White henna has taken the region by storm. Here we examine the popularity and pitfalls of this latest body-art trend.
Investigating the new trend of white henna in the UAE
A delicate, fanciful twist on the traditional temporary body art of henna is the latest trend to catch on regionally – as well as nab the attention of concerned Dubai health authorities.
White henna was introduced by a 28-year-old artist from Pakistan, Sara Vazir, who launched her business, Sara’s Henna, in Hong Kong six years ago.
Vazir, who spoke about henna at a TEDx talk in Hong Kong last year, introduced her white variety to the UAE during a demonstration trip here in May. One look she created, designed to resemble a white lace glove, was endorsed by Dubai’s popular resident beauty blogger Huda Kattan, who has 5.5 million followers on Instagram.
“When Huda Kattan’s social- media followers in Dubai and the Middle East saw it, it suddenly became a big craze,” says Vazir.
White henna is also trending in Kuwait, with Vazir being overbooked with clients from the region.
“It’s not real henna, but a temporary piece of body art that lasts anywhere between one and three days,” she explains.
In its purest form, traditional deep reddish-brown henna is made from a flowering plant by drying and crushing its leaves into a fine powder. It is generally mixed with sugar, lemon juice and essential oils, and has been painted on the hands and feet of women for centuries in the Middle East, South Asia and Africa.
Vazir’s white henna, however, is not made from traditional ingredients. Instead, its ingredients are medical adhesives mixed with water and acrylic-based pigments – all, Vazir insists, approved by the Food and Drug Administration in the United States.
Earlier this month, however, Dubai Municipality warned residents against applying white henna unless it has been tested for banned substances. Although at the time authorities said they hadn’t found any salons offering white henna in Dubai, The National found at least one.
Staff at the Doll House in Dubai, which has branches in Al Barsha and in Jumeirah at the Dubai Ladies Club, confirmed they had been using the white henna – but said they stopped after receiving the municipality’s warning.
Vazir maintains that her product is absolutely safe and does not contain hazardous substances.
“I create the art using all FDA-compliant body-art products,” she says.
Unscrupulous salons trying to recreate her mix with cheap products are to blame for the municipality’s note of caution, she says.
“I have received complaints of ingredients like PVA glue, Tipp-Ex corrector and bleach being used,” she says. “They are not good for your skin.
“My advice to women is that they must ensure the henna artist knows exactly what is in the white henna.”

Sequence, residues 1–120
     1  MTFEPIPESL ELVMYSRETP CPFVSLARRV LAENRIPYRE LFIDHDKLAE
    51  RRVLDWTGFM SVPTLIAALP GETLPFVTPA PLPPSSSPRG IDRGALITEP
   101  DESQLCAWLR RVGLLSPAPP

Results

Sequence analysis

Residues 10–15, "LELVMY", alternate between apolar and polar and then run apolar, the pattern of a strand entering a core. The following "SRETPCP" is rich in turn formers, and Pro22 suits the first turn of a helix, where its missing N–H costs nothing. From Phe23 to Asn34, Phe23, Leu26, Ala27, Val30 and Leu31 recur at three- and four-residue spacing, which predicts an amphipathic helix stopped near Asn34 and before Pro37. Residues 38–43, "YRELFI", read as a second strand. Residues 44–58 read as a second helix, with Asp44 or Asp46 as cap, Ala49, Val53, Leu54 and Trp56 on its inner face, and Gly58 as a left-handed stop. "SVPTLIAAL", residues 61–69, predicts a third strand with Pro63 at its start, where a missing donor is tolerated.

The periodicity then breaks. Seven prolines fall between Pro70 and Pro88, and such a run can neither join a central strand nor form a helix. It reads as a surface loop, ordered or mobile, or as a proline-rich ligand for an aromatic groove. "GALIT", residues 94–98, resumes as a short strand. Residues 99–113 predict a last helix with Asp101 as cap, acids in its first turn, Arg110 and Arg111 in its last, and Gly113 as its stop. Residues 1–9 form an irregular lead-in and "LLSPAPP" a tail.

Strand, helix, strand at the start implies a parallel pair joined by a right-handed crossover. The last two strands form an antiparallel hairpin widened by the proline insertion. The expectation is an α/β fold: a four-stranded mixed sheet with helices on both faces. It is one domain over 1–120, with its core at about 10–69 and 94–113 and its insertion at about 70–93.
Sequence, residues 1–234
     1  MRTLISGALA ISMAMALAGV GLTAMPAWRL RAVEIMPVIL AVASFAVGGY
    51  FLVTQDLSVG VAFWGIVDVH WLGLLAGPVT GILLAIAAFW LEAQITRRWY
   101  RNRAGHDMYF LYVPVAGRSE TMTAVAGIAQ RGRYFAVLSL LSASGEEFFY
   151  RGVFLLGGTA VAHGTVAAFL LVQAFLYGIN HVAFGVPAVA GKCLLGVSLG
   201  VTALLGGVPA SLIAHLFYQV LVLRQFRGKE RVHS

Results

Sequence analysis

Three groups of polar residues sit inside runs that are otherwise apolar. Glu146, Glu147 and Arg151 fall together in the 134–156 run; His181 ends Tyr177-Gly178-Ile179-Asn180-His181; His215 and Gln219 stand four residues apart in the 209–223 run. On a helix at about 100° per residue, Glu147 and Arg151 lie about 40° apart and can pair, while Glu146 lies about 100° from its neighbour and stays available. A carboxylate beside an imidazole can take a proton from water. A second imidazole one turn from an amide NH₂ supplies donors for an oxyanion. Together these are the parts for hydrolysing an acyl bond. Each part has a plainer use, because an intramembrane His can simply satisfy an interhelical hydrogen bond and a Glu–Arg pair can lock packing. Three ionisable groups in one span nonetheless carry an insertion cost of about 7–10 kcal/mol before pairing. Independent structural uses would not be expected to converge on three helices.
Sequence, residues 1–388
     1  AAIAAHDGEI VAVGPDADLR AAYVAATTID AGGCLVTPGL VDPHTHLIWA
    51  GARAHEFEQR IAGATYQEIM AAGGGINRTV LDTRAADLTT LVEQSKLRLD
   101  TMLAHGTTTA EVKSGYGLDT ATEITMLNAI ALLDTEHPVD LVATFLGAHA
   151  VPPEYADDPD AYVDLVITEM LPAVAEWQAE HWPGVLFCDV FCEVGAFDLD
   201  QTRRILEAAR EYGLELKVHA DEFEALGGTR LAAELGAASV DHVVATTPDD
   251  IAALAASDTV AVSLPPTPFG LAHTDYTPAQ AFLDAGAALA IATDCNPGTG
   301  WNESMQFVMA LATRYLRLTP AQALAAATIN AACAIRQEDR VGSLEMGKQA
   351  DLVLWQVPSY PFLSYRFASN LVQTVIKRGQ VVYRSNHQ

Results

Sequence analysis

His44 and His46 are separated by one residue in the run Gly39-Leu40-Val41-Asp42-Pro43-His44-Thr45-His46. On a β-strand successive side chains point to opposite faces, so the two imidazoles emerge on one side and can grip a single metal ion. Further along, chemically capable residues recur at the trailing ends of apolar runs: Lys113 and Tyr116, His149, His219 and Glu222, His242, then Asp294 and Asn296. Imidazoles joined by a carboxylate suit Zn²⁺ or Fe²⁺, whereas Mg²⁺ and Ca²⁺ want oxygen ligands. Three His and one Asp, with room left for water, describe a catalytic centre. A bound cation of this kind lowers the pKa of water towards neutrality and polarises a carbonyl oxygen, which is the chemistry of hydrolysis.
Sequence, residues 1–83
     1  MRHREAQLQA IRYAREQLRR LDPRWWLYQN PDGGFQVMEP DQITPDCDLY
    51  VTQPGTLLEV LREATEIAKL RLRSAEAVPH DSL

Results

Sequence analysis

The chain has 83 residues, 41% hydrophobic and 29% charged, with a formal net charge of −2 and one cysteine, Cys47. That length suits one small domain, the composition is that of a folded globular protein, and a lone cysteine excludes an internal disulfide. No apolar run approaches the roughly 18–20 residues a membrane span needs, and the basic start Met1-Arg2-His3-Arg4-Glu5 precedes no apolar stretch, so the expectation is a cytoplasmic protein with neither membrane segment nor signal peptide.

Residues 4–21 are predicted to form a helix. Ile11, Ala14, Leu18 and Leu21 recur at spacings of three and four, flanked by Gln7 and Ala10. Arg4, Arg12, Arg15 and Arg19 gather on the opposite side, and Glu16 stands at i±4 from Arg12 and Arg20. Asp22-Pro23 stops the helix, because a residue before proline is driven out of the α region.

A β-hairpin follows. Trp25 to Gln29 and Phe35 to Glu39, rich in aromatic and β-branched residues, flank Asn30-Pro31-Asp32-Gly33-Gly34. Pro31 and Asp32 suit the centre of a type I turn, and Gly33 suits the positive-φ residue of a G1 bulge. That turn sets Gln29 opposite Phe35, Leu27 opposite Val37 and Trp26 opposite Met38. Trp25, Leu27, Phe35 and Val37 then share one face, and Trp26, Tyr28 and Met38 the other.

In 2009, authorities in Dubai banned black henna, a paste that includes the chemical p-Phenylenediamine (PPD) and dramatically deepens the natural henna hue. But each year a few salons are found flouting the rules.
According to Dr Rahul Chaudhary, a specialist dermatologist at the International Modern Hospital in Dubai, the various adhesives and colouring agents mixed with natural henna can cause a mild to severe allergic reaction.
“PPD is the most notorious agent in black henna and we have had some patients with reactions to it in the past,” says Chaudhary.
“It can react with the skin and lead to allergic contact dermatitis. The area where the henna has been absorbed becomes red, and blisters may form that are very itchy in nature. Sometimes a reaction may occur away from the site, as well.”
Although these symptoms are temporary, repeated use of the allergen can cause a patient to develop “memory t-cells”, which can elicit a more severe reaction the next time, he explains.
Dr Chaudhary says natural henna is the safest form to apply on the body and any other artificial dye for a temporary or semi-permanent colour can cause allergies.
Clients who are seeking new forms of temporary body art should do a patch test, he says, to prevent major skin reactions.
“Start with a small area to see how the skin behaves,” he advises, “because everyone reacts differently to these ingredients.”
Queency Fernandes, a manager at Aroushi Beauty Salon & Spa in Oud Metha, had heard about the white-henna trend.
“We only use the natural henna, which is the reddish-brown colour,” says Fernandes.
“Even if we do want to darken the colour, we’ll add a bit of coffee, but only on the request of the client.”
The salon never used black henna, says Fernandes, and has not started offering the white variety because its staff are not sure what is in it.
“We don’t want to import something we aren’t sure of,” she says.